The LPD memo notes that Detroit remains one of the poorest large cities in the country and “with that title comes additional issues related to education, healthcare, and crime.” Despite income levels, most in Detroit are on a tight budget, it reads, with about 75% of the expenditures for families living at or below the poverty line go toward food, transportation, rent, utilities and cellphone service.
The report also points to other challenges; low-income individuals often can’t qualify for a mortgage. They often have no other option except to pay monthly rent which never builds wealth. Many Detroiters live in “food deserts,” with less access to healthy food, and unhealthy living conditions in poorly maintained apartments. This can contribute to health problems which become expensive when left unaddressed.
“Indeed, many of our poorest citizens live paycheck to paycheck, a phenomenon that affects all income levels,” the LPD memo reads.
The $400 emergency is a common benchmark used to study the financial stability of Americans living paycheck to paycheck. The Federal Reserve looked at the question in a recent report on the economic well-being of U.S. households. It found around 64% of adults could cover an unexpected $400 bill using cash, 15% would put it on a credit card, while 12% couldn’t afford the expense at all.
The Federal Reserve found more than a quarter of adults couldn’t afford their living expenses if hit with a $400 emergency. Falling behind on bills can create a snowball effect for vulnerable families, in some cases leading to eviction, foreclosure and displacement.
The effects are likely more disastrous in Detroit, which has a higher rate of poverty and lower incomes overall compared to the rest of the country.
The U.S. Department of Health and Human Services set the federal poverty income threshold as $27,750 for a family of four with two children and $18,310 for a single parent with one child. Detroit’s median household income is $32,498, according to the U.S. Census Bureau, while the state of Michigan’s median household income stands at $59,234.
Detroit’s poverty rate is estimated to be 33% by the census, with 219,317 Detroiters living below the federal poverty line.
The city’s poverty rate is more than double Michigan’s rate of 14% and much higher than the national poverty rate of 11%. Black Americans had the highest poverty rate of any racial group, 20% according to the census. Detroit’s population is majority-Black.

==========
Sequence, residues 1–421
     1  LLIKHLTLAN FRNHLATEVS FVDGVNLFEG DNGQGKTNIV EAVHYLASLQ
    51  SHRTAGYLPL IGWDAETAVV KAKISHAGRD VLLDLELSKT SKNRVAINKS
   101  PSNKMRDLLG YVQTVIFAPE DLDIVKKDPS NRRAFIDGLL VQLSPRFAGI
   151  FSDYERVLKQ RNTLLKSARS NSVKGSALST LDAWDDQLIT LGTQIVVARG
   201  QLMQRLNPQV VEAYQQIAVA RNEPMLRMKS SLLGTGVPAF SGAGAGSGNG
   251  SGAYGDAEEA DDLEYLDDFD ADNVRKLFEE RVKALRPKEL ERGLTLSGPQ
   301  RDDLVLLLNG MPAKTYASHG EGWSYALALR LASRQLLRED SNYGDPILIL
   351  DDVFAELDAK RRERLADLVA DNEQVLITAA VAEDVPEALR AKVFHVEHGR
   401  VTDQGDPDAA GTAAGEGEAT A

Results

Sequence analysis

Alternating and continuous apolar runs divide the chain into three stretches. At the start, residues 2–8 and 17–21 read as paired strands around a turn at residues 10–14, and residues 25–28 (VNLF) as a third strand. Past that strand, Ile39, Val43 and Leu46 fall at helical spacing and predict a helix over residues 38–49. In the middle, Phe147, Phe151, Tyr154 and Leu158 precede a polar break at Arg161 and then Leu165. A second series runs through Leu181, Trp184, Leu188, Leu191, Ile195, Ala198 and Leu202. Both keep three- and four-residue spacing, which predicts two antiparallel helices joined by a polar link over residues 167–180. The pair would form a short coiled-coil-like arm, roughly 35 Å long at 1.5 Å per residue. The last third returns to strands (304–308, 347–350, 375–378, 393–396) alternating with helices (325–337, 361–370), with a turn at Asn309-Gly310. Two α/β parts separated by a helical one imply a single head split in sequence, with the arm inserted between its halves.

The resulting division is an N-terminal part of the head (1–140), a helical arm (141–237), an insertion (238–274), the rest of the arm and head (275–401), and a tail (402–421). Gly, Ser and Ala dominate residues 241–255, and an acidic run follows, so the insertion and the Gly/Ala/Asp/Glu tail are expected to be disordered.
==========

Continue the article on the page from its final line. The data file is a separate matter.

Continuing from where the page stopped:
LPD’s report called Detroit’s poverty rate “both horrific and appalling,” but noted that it’s been much worse in recent years. In 2016, Detroit’s poverty level was 39%, making it the city with the highest concentrated poverty rate among the top 25 metropolitan areas in the country.
The city has access to a one-time pot of $826 million in federal funding provided through the American Rescue Plan Act. Detroit allocated $37 million to address intergenerational poverty through home repairs and affordable housing services, among other things.
Detroit officials had another look at the economic standing of its residents during a revenue estimating conference Monday. A University of Michigan report on Detroit’s economic outlook forecast the rising risk of a national recession, but employment here has largely recovered since the pandemic.
The report found wage growth is increasing, but inflation will eat away at those gains, leading to a decline in wages when adjusted for inflation. Household income growth is projected to lag behind inflation this year as well.
“We estimate that the average wage at jobs located in the city treaded water in 2021 as lower wage workers returned from the pandemic,” the UM report states. “Wages are projected to climb by 6.6% this year, but those gains will be outpaced by high inflation.”
Detroit’s unemployment rate sits slightly above 10%, according to the report. Jobs are returning to pre-pandemic levels, but the leisure and hospitality industries are worse off than they were before COVID-19 struck the country.
Jobs that require a high level of education and jobs that don’t require college degrees have also failed to bounce back to pre-pandemic levels, the report found.